it is “impossible to tell to what extent copies charged . . . were necessarily obtained for
use in the case rather than obtained simply for the convenience of counsel.” Dunn v.
Nexgrill Indus., Inc., No. 4:07–CV–01875 JCH, 2011 WL 1060943, at *1 (E.D. Mo. Mar.
21, 2011) (internal quotation omitted).
In support of its Bill of Costs, Defendant submits invoices from various copying
services. See Doc. No. 187-4. Plaintiff asserts that these invoices do not adequately
identify the nature of the documents copied or indicate how the documents were used
during trial. Upon examination of the submitted documentation, the Court finds that it
contains sufficient detail to permit a meaningful evaluation of the request. See Doc. No.
187-4; see also Betton v. St. Louis Cnty., No. 4:05CV01455 JCH, 2010 WL 1948265, at
*2 (E.D. Mo. May 14, 2010) (internal quotation omitted) (holding that a party seeking
copying costs pursuant to Rule 54(d) “is not expected to provide a detailed description of
every piece of paper copied,” but only “the best breakdown of the copied material
obtainable from its records”). Therefore, Plaintiff’s objection to the copying costs on the
ground of insufficient documentation is denied.
Among the copying costs Defendant seeks to recover are expenses for the
preparation of three-ring binders used in expert witness depositions and dispositive
motion briefing. Plaintiff objects to these costs asserting that the binders were prepared
for the convenience of Defendant’s counsel and were not necessary for use at trial.
Defendant asserts that the expense of the binders used in expert depositions and
dispositive motion briefing is a recoverable cost and not merely a convenience.
Defendant argues, in the alternative, that if these expenses are not recoverable, its
requested award should be reduced by a significantly smaller amount than Plaintiff urges.
The amount of the disputed expenses is not clearly established in the record.
Defendant asserts that they amount to $179.00, apparently representing only the expense
of the three ring binders themselves and not their contents or the cost of their preparation.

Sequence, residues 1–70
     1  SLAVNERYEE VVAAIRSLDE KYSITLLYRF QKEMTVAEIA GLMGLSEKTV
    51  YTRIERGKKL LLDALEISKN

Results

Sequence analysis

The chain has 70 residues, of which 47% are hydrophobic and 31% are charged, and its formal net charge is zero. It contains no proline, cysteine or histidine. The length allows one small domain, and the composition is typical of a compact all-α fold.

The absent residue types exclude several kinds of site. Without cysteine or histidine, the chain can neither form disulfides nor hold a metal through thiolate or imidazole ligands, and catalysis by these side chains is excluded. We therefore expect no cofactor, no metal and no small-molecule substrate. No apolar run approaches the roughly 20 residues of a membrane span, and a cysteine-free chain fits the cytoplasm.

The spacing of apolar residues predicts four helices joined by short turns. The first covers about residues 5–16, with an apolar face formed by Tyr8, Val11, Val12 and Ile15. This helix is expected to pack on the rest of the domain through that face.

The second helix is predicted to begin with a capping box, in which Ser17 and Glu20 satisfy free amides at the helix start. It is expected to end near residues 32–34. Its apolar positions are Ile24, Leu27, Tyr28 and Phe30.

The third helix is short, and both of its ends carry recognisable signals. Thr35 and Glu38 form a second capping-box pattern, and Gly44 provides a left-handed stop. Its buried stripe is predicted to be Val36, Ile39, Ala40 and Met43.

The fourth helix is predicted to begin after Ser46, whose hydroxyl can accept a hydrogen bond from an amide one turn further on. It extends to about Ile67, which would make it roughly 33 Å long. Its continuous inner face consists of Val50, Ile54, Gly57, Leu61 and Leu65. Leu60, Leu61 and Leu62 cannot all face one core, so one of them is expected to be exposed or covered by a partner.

See Doc. No. 187-4, pp. 5-6. The Court finds this designation of the binder expenses
overly formalistic. The Court will consider the entire expense3 documented for the
preparation of the binders used in expert depositions and dispositive motion briefing, and
not merely the empty binders themselves, as the disputed expense. See Doc. No. 197-4,
pp. 1 & 5-6.
Other courts, exercising sound reasoning, have reached differing conclusions on
the issue of whether such expenses are recoverable as costs. Compare O’Brien v. St.
Louis Pub. Sch. Dist., No. 4:10–CV–1094 CDP, 2012 WL 4854698, at *1 (E.D Mo. Oct.
11, 2012) (ruling that binders and exhibit tabs are not a taxable cost under 28 U.S.C. §
1920), and Am. Guar. & Liab. Ins. Co. v. U.S. Fid. & Guar. Co., No. 4:06CV655RWS,
2010 WL 1935998, at *4 (E.D. Mo. May 10, 2010) (denying fees for binders and exhibit
tabs because such costs were for the convenience of the attorneys), with Marez v. SaintGobain Containers, Inc., No. 4:09CV999MLM, 2011 WL 1930706, at *16 (E.D. Mo.
May 18, 2011) (internal quotation omitted) (allowing as a cost the expense for
preparation of similar tabbed binders and noting that these types of materials “‘ease the
witnesses’ testimony and enhance the smooth delivery of the trial to the jury”).
The Court finds the reasoning set forth in Marez persuasive. Although admittedly
more convenient for counsel, the use of such materials at trial and in expert depositions,
also contributes to the cogent presentation of testimony at trial. Therefore, the Court
denies Plaintiff’s objection to the award, as costs, of Defendant’s expenses for the
copying and preparation of all binders used at trial and for expert depositions. See id., at
These amounts are $1,110.83 (expert deposition copies and binders) and $546.59
(dispositive motion briefing copies and binders). See Doc. No. 197-4, pp. 1 & 5-6.
*16. The Court concludes, however, that the materials prepared for dispositive motion
briefing were solely for the convenience of counsel, and will grant Plaintiff’s objection to
the award of those costs. See Tanner, 2013 WL 3287168, at *4; O’Brien, 2012 WL
4854698, at *1.
Plaintiff next asserts that it would be inequitable to award the full amount of
copying expenses because their very volume indicates that all of the expenses were not